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Venice is doubly enamored of Bruce Nauman

June 7, 2009 |  1:58 pm

Nauman Venice

Given his stature among the crucial artists of the last 40 years, Bruce Nauman is no surprise as the artist whose exhibition was chosen to receive the Golden Lion for Best National Participation at the 53rd Venice Biennale, which opened Sunday. The award goes to the United States, but it's the second Golden Lion for Nauman. (He took an individual prize at the 48th Biennale, in 1999.) The artist, who first emerged as a compelling figure when he worked in the Bay Area and Pasadena in the 1960s, and who has lived in rural New Mexico since 1979, virtually never disappoints.

Among Nauman's established masterpieces is "Vices and Virtues," designed as a commission for the Stuart Collection at UC San Diego in 1983 and installed in 1988 around the top of the boxy Powell Structural Systems Laboratory, near the center of the campus. In Venice, an exhibition copy scales down the work.

The original's 7-foot neon lettering transforms a classical architectural frieze into the contemporary language of a commercial sign. Seven vices alternate with seven virtues in 14 flashing colors: FAITH/LUST, HOPE/ENVY, CHARITY/SLOTH, PRUDENCE/PRIDE, JUSTICE/AVARICE, TEMPERANCE/GLUTTONY and FORTITUDE/ANGER. In Venice the words now wrap around the "mini-Monticello" of the official, Georgian-style red-brick United States Pavilion (above).

As a Stuart Collection brochure explains: "The virtues flash sequentially clockwise around the building at one rate; and the vices circulate counterclockwise at a slightly faster rate. At brief intervals, both the seven virtues and the seven vices flash together." Virtue may be slightly more laconic than vice, but the slippery combination of the clashes is never simple.

Nauman San Diego Rizzoli International The neon vices and virtues illuminate age-old internal conflicts, giving personal struggles a contemporary public platform. The work's gestation during the Reagan administration added an inescapably political edge.

Many of the calamities first writ large during the 1980s have now come home to roost in the millennial wake of the Bush administration -- a disastrous Wall Street philosophy that greed is good, a fearful bellicosity in foreign relations masking potential criminality, a deadly indifference to healthcare as a fundamental right, the intrusion of religion into American statecraft and much more. I haven't seen the installation at Venice, but photographs suggest a powerful turn of the screw: Transposed to an international exhibition stage, Nauman's powerful piece seems almost like a generational marker.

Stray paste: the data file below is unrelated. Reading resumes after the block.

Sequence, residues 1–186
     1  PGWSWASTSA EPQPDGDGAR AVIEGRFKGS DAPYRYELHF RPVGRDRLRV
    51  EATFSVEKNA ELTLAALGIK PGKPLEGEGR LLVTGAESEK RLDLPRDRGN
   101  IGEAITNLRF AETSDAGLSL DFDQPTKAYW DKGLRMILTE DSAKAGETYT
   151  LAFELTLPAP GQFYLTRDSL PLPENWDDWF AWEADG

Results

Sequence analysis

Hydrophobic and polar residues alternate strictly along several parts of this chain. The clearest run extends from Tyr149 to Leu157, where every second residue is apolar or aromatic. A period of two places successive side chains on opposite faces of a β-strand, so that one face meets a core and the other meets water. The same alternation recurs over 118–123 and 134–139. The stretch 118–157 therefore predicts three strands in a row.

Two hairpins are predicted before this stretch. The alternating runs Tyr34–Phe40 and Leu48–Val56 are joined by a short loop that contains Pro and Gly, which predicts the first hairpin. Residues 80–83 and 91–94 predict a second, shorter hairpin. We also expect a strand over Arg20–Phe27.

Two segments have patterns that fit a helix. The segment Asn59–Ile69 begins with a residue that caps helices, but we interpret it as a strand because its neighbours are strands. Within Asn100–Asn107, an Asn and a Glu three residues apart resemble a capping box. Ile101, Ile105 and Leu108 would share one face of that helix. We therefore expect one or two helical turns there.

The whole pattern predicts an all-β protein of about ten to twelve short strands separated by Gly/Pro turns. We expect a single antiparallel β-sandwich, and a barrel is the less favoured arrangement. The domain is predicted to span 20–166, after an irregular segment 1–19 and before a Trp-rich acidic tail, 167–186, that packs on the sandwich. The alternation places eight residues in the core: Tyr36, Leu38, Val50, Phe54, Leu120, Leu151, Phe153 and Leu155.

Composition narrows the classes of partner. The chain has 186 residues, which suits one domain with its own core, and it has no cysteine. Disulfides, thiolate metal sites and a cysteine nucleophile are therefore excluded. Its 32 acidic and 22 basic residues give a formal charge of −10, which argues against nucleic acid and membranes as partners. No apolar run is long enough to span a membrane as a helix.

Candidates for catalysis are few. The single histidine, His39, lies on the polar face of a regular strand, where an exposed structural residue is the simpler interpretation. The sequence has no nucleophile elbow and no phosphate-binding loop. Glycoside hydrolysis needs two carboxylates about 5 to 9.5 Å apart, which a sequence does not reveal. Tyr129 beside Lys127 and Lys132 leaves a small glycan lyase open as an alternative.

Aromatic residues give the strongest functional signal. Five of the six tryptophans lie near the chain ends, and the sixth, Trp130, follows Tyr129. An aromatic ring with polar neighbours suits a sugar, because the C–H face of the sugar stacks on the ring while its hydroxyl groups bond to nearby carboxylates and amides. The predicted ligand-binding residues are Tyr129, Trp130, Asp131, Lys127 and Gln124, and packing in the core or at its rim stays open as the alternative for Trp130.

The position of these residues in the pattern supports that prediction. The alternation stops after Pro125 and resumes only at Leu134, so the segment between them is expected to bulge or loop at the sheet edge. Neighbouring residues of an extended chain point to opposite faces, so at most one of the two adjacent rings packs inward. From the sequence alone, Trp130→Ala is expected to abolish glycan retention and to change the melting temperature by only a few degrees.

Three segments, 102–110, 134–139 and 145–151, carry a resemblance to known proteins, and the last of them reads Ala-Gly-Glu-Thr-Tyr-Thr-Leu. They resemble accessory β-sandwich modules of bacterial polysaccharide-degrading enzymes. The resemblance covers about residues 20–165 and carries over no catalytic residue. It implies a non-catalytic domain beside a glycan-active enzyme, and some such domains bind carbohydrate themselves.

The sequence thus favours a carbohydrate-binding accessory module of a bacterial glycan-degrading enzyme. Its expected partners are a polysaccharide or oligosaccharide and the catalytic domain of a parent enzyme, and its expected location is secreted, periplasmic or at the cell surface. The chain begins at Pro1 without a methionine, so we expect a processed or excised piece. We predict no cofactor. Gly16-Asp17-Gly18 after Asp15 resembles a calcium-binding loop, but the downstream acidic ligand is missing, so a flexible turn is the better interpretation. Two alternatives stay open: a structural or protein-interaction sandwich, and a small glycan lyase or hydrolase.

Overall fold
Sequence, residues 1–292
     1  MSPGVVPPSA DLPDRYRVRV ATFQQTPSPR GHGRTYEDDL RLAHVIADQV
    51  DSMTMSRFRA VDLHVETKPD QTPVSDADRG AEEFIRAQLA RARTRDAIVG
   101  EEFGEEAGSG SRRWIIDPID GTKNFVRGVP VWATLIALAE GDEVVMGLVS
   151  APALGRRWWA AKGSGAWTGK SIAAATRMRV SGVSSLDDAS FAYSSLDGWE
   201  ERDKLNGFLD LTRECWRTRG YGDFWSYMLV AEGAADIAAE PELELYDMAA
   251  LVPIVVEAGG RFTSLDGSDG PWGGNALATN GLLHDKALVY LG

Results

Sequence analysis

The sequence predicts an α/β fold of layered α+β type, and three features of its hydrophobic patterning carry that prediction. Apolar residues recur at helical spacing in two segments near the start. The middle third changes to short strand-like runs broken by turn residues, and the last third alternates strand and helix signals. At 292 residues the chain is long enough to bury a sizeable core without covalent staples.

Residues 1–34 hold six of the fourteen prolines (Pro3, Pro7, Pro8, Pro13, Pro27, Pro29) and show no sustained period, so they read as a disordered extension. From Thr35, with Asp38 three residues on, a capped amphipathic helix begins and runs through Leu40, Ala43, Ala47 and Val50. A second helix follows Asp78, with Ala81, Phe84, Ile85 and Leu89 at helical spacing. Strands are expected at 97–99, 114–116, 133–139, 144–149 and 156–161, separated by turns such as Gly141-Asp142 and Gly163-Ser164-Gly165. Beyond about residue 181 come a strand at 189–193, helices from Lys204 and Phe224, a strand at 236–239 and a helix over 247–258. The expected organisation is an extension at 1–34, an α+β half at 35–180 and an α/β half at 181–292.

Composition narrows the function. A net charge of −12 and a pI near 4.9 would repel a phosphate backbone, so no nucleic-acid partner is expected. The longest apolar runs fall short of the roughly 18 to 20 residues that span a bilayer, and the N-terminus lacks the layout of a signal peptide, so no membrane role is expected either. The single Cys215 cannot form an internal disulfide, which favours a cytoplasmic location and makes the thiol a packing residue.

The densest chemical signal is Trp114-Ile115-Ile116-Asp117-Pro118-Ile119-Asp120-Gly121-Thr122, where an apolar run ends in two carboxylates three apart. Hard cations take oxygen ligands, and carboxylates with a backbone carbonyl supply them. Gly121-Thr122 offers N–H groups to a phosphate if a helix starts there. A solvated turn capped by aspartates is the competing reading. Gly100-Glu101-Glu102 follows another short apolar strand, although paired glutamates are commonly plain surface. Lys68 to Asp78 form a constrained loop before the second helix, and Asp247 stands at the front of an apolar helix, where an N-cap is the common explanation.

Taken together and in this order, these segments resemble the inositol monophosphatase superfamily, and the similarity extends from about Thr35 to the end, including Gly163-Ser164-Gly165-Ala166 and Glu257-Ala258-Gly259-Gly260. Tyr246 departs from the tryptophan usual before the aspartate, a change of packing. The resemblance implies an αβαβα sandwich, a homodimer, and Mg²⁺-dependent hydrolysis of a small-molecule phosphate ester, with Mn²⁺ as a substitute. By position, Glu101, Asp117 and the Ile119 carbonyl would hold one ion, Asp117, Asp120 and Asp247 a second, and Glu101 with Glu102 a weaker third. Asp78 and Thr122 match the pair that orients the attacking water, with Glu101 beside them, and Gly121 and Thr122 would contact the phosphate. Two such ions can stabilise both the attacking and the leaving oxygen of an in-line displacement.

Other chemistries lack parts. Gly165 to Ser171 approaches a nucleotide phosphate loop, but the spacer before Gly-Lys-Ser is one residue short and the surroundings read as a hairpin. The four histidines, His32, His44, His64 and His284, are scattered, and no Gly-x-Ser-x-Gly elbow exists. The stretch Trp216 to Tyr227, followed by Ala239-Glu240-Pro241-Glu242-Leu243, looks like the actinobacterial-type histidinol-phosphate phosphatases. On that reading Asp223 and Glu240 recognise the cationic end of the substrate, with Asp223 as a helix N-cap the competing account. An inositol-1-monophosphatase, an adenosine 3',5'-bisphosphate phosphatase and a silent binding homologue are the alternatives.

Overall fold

Incidentally, a current exhibition at the Pasadena Museum of California Art -- not far from Nauman's old Raymond Avenue studio -- shows some roots of the artist's incisive sensibility. Nauman, 67, was born in Fort Wayne, Ind., and did his undergraduate work at the University of Wisconsin, Madison. ("Vices and Virtues" is an almost archetypal utterance by a plain-spoken Midwesterner.) From 1964 to 1966 he studied for his MFA at UC Davis, where the sardonic, pun-happy William T. Wiley was among his influential teachers. "You See: The Early Years of the UC Davis Faculty" features about three-dozen "California funk" and other works made between 1960 and 1965 by Wiley, Robert Arneson, Roy De Forest, Manuel Neri and Wayne Thiebaud.

--Christopher Knight

Photos, from top: Exhibition copy of Bruce Nauman's "Vices and Virtues" as installed on the frieze of the U.S. pavilion at the Venice Biennale; the original  "Vice and Virtues" as installed on the Powell Structural Systems Laboratory at UC San Diego. Credits: Michele Lamanna, courtesy Philadelphia Museum of Art; Rizzoli International Publications Inc.

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